After enthusiastically participating in the bidding process, some players are taking the initiative to form an FM radio industry body, which will work as a lobby group for this booming sector.
“A preparatory meeting of the players will be held on March 15 and the organisation will be formed formally. Basic rules and regulations will be laid down, including the election procedure for the council members. The fundamental objective of the group will be to safeguard the interests of the industry and become a mouthpiece for policy makers,” informed Rajiv Mishra, Director, New Media, BAG Films, who is acting as the coordinator for the industry body. The body is proposed to be named as Association of Radio Operators of India (AROI).
When contacted, some players confirmed their participation, while officials of Adlabs, Sun Group and Radio Mirchi denied having knowledge of any such development. Mishra claimed that he had sent invitations to all radio players.
Welcoming the initiative, Apurva Purohit, CEO, Radio City, said, “As of now, we haven’t heard of any such association. However, we welcome it if there is such a move. We believe there’s a need to get all radio players together under one umbrella organisation as the industry is still at a nascent stage. Cooperative competition is the need of the hour to discuss and thrash out all major issues concerning the industry like building a consensus on duties on the import of technical equipment. In fact, we at Radio City have been internally working on a framework for an association of FM radio players in India.”
Confirming the development, Sanjay Kumar Jain, DGM, Projects, Dainik Bhaskar, said that the body would represent the radio industry’s point of view at different forums. “The body will raise the common issues affecting the FM radio industry. It will deter the monopolistic attitude of the authorities when arbitrary decisions are loaded on us while the quality of service provided is not up to the mark,” Jain said, referring to the provision of compulsory use of transmitters provided by BECIL.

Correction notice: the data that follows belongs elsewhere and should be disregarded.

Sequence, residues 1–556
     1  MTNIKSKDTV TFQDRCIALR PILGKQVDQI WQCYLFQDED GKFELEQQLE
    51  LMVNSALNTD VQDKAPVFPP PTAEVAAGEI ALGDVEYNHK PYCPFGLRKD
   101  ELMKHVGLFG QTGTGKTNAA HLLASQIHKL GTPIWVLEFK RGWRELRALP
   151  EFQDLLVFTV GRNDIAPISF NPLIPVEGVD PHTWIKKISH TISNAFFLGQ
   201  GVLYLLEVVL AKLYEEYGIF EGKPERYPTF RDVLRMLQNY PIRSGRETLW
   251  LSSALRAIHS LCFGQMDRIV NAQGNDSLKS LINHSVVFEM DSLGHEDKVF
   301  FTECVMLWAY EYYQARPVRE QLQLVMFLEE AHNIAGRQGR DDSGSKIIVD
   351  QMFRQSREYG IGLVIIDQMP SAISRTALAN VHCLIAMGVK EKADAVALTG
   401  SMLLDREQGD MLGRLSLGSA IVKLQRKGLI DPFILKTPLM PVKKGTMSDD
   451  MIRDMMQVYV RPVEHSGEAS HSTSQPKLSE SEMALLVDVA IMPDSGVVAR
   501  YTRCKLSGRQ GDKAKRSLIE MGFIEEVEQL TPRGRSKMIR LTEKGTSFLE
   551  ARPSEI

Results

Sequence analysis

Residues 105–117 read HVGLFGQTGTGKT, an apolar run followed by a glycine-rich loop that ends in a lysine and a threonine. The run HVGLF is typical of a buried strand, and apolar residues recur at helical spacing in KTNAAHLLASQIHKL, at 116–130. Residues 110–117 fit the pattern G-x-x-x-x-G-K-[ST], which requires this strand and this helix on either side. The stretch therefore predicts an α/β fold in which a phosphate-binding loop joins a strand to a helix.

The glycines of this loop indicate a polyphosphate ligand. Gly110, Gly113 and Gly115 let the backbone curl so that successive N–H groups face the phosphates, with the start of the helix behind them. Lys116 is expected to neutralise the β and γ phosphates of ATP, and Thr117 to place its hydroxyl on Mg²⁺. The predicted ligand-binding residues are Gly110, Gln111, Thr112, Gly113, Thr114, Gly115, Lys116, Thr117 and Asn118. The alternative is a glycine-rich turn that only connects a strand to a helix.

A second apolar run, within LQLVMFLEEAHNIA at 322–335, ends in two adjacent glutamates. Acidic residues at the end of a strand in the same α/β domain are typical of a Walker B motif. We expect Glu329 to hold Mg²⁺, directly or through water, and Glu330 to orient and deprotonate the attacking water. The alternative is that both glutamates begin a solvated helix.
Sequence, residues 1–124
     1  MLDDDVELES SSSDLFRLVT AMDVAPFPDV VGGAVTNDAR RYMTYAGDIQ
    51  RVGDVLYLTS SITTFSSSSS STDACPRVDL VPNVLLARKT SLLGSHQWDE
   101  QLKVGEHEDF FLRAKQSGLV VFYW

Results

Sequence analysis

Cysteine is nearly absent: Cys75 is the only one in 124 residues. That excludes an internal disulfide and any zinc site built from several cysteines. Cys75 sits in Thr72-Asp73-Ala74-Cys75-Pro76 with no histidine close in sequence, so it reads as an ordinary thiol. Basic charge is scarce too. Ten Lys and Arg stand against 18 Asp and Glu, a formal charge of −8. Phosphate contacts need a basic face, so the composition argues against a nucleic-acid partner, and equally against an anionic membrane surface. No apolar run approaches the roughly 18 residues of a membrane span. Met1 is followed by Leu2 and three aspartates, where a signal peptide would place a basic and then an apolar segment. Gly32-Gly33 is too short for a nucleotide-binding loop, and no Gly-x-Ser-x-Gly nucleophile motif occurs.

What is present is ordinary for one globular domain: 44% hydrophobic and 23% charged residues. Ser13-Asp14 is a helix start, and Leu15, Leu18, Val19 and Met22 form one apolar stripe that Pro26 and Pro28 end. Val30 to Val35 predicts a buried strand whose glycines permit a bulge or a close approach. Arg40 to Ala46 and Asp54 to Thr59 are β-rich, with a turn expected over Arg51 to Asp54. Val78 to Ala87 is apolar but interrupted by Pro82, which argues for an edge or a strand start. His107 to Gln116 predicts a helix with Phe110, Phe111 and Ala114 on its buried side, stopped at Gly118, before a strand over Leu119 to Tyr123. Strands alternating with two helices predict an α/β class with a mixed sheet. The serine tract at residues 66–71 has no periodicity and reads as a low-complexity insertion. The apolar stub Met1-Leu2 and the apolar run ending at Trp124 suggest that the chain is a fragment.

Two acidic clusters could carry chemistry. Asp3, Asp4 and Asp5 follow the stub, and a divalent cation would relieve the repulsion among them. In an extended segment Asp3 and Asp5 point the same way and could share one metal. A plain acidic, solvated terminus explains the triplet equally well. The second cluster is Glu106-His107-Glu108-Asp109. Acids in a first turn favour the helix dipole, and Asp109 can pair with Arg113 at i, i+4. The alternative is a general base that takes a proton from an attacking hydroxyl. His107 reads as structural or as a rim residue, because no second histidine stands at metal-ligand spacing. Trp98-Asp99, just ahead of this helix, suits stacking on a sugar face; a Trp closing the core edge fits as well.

Players also feel that music royalty is a big challenge for the industry. “Music royalty is a serious issue for us and it is very difficult to negotiate individually with the music industry, so a formal body is imperative,” said Bharat Gupta, Executive President, Marketing, Jagran Group.
When asked whether there could be unanimity among all the players for a single industry body, Dainik Bhaskar’s Jain said that ideally there should be a single industry body that could address the concerns of all the players.
Confirming his participation, K C Jacob, VP, Muthooth Group, said, “I believe the body should be formed with a positive intention. When all the big and experienced players come on board, many more ideas will come out, which will also benefit small and inexperienced players.”
The proposed body would also lobby for allowing news in the FM radio sector. When asked, one player observed that allowing news on FM radio was inevitable and a formal declaration in this regard would be made by the I&B Ministry in 2-3 months.
“Previously, the industry was small. Now, with so many influential players from the media sector coming on board, the lobby for allowing news has just got the much needed fillip,” he observed, without wishing to be named.